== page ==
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|Sound & Hearing
The acoustic suspension principle revolutionised the loudspeaker industry in the late fifties. Based on a mathematical model of woofer behavior in tandem with the air in a speaker cabinet, it provides a way to design a small speaker system (as opposed to the refrigerator sized monsters previously used to get halfway decent bass) with effective, linear low frequency response.
An acoustic suspension, or "sealed box," design, usually employs a woofer with very soft, compliant suspension components, and uses the air sealed inside the cabinet as a spring to return the cone to its "rest" position and control the system resonance. The restoring force of this trapped air is linear in nature, and the use of soft suspension materials reduces any non-linearities due to them. Other common features of woofers designed properly for sealed systems are very long throw voice coils, small diameter, and fairly large diameter cross section surrounds.
In the ideal sized box (for a given woofer), the frequency response will be flat to a fairly low point, often not much above the woofer's "free air" resonance, and then decrease smoothly at lower tones. A slightly smaller box will raise this roll off point a bit, and cause a small increase in the output above that frequency, whereas an oversized box will give a lower final roll off with less output in the octave or so above it.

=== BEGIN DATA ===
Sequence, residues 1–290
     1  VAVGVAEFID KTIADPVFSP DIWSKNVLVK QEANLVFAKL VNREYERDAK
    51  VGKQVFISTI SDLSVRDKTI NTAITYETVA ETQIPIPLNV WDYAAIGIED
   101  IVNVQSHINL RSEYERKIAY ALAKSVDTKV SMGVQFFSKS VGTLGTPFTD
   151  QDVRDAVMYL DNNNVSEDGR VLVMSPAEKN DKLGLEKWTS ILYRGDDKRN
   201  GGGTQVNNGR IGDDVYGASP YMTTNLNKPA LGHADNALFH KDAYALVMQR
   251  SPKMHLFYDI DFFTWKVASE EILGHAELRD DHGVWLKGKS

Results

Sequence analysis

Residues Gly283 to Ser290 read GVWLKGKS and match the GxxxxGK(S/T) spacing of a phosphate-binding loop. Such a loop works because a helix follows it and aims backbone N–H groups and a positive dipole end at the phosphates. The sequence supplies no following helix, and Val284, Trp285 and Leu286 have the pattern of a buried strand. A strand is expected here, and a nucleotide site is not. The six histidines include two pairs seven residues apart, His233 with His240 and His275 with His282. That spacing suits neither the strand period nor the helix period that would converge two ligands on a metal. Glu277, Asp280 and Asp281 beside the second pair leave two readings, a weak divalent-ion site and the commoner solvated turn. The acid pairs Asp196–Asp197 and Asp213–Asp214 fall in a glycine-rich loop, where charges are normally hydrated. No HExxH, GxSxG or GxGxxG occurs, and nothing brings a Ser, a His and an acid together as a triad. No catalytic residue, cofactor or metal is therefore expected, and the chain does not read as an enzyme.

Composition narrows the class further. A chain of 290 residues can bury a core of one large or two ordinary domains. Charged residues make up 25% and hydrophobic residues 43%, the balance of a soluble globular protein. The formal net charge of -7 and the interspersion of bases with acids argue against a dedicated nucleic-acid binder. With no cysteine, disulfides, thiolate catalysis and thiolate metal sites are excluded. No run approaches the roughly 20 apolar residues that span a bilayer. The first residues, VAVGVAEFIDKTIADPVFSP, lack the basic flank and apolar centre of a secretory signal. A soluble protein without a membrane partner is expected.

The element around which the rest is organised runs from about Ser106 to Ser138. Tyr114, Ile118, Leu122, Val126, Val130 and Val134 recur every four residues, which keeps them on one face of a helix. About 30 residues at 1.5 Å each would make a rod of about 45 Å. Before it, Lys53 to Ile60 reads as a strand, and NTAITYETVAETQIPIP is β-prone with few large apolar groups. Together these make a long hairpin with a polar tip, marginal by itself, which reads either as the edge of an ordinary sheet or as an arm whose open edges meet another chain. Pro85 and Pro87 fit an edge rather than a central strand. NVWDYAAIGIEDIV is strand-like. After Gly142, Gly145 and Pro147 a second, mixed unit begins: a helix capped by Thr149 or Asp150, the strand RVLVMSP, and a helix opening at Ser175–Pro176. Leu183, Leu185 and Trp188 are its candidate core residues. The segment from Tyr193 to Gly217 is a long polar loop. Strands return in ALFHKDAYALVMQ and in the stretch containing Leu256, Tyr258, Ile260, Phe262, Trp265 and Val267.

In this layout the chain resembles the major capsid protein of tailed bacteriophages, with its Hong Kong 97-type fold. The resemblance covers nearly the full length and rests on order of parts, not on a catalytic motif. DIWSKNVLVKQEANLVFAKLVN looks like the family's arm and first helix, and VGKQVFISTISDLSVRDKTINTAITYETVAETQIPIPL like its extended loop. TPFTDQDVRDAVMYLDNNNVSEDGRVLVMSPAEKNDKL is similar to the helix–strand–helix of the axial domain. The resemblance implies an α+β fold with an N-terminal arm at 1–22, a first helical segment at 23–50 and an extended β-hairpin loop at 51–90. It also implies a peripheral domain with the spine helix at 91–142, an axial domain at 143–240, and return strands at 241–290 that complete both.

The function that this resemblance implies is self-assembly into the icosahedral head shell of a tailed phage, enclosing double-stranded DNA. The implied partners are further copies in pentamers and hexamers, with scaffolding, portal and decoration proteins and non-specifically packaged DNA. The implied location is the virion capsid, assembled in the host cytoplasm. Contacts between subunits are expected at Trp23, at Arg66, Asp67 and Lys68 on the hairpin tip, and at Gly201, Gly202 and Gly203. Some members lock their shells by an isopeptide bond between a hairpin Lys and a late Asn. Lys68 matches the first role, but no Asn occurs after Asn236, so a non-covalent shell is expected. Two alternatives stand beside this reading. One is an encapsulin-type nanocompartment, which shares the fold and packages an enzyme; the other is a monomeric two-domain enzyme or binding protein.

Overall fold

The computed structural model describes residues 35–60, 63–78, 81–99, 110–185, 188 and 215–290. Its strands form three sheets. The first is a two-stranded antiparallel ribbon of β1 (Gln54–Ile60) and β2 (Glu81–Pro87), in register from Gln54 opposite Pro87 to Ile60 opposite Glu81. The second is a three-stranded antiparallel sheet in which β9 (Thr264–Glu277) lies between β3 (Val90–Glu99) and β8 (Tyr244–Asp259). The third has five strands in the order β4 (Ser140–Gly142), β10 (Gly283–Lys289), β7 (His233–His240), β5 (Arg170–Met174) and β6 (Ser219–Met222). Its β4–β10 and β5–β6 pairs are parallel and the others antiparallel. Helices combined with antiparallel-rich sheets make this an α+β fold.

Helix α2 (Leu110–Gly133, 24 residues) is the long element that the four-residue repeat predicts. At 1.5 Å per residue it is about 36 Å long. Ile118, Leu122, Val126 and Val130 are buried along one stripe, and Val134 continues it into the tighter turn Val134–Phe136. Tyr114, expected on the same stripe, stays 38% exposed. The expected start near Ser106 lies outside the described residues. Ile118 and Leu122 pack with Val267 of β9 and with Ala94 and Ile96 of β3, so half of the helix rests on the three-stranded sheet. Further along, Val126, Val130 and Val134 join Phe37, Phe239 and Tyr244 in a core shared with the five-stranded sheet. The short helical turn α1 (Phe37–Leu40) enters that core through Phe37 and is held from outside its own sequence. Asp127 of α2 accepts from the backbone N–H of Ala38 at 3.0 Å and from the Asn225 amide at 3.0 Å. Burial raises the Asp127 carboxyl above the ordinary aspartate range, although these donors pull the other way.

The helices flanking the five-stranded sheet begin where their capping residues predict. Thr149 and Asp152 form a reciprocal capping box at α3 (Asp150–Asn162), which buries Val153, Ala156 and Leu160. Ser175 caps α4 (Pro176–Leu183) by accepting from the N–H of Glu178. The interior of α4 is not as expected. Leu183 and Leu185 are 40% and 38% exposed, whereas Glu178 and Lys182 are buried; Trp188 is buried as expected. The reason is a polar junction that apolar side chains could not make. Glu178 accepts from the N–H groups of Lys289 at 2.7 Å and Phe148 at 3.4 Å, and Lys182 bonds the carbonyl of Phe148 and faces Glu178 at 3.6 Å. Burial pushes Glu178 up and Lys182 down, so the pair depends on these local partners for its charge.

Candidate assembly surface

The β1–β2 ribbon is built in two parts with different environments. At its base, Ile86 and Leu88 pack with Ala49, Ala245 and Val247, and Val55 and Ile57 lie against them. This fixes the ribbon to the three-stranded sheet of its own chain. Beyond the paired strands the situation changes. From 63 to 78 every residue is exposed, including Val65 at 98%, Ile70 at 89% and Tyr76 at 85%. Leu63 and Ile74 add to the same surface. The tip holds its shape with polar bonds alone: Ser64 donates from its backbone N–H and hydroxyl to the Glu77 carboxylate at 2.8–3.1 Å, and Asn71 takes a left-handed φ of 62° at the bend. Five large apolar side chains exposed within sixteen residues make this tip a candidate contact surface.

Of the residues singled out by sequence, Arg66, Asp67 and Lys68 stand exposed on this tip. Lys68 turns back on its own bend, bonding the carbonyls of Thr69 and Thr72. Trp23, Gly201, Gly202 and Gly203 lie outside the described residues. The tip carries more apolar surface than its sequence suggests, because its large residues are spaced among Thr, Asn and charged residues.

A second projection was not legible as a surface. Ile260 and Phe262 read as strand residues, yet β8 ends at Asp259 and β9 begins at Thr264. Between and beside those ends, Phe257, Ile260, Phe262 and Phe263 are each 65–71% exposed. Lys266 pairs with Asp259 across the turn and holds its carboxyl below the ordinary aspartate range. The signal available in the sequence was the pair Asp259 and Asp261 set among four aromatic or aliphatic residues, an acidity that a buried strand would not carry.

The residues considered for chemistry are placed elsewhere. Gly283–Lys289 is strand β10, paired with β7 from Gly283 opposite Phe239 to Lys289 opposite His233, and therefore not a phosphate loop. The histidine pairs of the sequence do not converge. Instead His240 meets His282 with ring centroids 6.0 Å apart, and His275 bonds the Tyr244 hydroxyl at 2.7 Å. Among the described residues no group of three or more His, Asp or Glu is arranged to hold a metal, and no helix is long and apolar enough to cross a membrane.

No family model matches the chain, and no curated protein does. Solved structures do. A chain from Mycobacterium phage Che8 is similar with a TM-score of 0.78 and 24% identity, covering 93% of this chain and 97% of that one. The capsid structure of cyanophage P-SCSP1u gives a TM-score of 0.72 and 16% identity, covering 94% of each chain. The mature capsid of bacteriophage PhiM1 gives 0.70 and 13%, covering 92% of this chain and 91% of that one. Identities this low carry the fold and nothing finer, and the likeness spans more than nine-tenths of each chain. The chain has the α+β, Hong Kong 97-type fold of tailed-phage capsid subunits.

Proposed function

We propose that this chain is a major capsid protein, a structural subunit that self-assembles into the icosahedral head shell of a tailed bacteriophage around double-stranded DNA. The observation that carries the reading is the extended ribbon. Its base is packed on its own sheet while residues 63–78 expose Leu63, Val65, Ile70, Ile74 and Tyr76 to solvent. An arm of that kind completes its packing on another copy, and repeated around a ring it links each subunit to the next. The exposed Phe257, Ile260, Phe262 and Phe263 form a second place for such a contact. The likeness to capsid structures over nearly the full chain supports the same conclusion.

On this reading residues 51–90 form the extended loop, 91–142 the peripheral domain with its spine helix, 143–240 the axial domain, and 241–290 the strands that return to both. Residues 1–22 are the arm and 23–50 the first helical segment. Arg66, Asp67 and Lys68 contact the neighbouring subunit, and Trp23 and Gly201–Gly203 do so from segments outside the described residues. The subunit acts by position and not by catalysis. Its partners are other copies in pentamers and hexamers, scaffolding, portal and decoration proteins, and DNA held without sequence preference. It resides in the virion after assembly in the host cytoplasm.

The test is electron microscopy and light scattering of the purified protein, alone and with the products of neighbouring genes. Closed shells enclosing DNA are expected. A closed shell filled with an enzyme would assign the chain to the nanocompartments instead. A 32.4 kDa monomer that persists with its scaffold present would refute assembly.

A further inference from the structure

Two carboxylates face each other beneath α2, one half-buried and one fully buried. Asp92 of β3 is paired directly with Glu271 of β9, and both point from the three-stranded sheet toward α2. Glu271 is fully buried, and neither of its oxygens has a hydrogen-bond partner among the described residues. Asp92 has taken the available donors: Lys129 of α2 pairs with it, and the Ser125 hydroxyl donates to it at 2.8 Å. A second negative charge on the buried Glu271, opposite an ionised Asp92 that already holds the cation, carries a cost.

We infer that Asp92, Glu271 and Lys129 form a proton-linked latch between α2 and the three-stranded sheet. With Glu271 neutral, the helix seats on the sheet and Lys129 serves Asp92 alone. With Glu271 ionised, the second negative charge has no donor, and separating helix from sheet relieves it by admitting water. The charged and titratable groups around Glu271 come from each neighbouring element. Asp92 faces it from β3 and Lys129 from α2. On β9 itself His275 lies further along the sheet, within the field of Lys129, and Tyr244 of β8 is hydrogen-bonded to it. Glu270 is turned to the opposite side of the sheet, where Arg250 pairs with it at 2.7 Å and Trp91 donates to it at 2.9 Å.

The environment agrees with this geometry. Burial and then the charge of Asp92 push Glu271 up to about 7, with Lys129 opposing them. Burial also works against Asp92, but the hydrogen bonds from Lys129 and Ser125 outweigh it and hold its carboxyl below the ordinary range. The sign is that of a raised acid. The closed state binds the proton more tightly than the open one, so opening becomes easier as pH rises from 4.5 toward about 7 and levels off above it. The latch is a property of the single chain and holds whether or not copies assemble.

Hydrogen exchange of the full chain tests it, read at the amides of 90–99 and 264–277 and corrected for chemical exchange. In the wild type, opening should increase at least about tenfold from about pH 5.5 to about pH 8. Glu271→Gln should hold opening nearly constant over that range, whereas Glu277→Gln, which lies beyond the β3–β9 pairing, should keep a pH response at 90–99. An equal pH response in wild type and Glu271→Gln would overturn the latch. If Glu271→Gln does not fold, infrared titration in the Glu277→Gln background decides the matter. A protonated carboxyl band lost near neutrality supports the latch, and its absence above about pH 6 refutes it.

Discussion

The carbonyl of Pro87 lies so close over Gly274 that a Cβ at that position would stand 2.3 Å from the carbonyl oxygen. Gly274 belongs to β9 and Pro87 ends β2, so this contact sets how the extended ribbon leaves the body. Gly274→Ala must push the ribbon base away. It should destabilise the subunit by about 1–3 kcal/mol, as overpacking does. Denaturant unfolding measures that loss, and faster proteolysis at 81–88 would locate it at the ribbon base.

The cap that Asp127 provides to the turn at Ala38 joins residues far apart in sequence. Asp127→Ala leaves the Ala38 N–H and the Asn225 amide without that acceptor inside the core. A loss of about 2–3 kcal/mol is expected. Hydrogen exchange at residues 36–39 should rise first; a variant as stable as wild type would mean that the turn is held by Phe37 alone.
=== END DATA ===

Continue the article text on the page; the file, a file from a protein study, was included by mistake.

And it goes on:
It is not unusual for speaker using this design to have useful output down to 30 to 40 Hz from a box of only one to two cubic feet or so, which is very easy to place in the listening room.
The limiting factors on bass response will be:
- The free air resonance of the woofer - the system resonance will always be higher, and output below this frequency will be attenuated.
- The linear excursion of the woofer - excursion requirements for bass notes can be quite high with small diameter drivers and so they need a large amount of freedom of movement and a long voice coil.
- The cabinet size and efficiency (loudness for a given power level) desired. These are direct trade offs with the low frequency extension and become one of the main compromises in the design process.
- Breakup modes of the woofer cone at high excursion and low frequency. These are apparent as harmonics of the desired tone and muddy the response if their level is too high.
The principal advantages of a well designed acoustic suspension system will be:
- Small cabinet size with tight, clean bass response.
- "Reasonable" efficiency
- The small diameter woofer makes a two way system, with its attendant simplicity, very acceptable.
- Well controlled response below the system resonance (less excursion, less output, no added distortion).
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